Poor glycemic control is associated with increased diastolic blood pressure and heart rate in children with Type 1 diabetes.J Diabetes Complications. 2004 Jul-Aug; 18(4):220-3.JD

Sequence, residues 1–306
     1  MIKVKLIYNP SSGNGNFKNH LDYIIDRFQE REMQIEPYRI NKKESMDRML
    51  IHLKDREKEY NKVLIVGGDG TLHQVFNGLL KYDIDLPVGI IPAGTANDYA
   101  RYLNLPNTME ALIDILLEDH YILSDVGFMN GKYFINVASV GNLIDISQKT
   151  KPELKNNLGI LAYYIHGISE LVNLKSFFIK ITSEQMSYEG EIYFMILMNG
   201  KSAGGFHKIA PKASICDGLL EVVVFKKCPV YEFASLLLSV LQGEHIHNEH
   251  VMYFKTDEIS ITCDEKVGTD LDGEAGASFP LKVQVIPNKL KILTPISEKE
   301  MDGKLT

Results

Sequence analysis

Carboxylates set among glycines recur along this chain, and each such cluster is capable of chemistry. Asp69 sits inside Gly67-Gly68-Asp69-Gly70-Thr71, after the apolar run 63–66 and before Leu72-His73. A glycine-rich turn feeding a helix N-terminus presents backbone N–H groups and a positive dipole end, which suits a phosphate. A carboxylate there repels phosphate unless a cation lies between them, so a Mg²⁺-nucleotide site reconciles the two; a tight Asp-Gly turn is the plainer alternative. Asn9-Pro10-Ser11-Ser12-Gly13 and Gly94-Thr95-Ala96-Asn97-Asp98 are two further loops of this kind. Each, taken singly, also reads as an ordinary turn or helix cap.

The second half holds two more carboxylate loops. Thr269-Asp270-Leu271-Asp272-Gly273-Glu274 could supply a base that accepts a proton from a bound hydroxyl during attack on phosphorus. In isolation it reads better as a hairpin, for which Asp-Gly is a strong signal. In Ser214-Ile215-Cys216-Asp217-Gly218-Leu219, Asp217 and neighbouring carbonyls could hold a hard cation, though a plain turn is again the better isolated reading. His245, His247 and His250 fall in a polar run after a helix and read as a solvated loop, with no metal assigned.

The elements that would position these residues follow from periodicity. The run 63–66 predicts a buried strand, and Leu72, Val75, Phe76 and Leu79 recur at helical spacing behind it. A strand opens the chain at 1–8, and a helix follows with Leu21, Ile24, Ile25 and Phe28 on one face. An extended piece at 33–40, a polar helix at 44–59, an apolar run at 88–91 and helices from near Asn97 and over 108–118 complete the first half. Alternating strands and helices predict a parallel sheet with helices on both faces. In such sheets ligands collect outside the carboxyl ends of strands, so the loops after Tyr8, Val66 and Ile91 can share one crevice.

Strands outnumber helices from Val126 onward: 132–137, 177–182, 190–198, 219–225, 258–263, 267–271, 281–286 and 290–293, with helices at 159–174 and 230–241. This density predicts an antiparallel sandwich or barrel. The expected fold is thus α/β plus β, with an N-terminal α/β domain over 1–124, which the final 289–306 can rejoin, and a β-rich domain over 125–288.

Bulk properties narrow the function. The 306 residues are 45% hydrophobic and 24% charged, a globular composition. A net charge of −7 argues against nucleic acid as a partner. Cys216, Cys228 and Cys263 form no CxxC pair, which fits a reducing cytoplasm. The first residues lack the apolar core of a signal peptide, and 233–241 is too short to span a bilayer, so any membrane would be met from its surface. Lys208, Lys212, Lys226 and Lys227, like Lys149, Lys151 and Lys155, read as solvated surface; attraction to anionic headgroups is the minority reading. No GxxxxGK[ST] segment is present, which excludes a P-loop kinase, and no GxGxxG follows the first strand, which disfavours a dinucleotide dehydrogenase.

Although higher levels of hemoglobin A1c (HbA1c) and blood pressure precede the development of nephropathy in Type 1 diabetes (T1DM), the relationship between glycemic control and cardiovascular factors early in the course of diabetes is not clear. We conducted a retrospective study from clinic data for a 1-year period in 148 children with T1DM aged 12.5+/-4.4 years who had average diabetes duration of 4.5+/-3.3 years. The influence of HbA1c and reported insulin dose on blood pressure and heart rate were analyzed in multivariate linear regression models, statistically adjusted for the effect of race, sex, age, body mass index, and duration of diabetes. There was a significant positive correlation of mean HbA1c with mean diastolic blood pressure (P<.025) and mean heart rate (P<.0004). Higher diastolic blood pressure and heart rate were associated with higher HbA1c. Increased insulin doses were also associated with increased diastolic blood pressure (P<.009) and heart rate (P<.013). Insulin dose and HbA1c were also significantly correlated (P<.001). There was no correlation between mean HbA1c and mean systolic blood pressure. Increased levels of HbA1c and insulin dose are associated with increased diastolic blood pressure and heart rate. Although within the normal range, early increases of diastolic blood pressure and heart may indicate early cardiovascular changes in response to diabetes and potentially contribute to a greater proclivity for later development of nephropathy.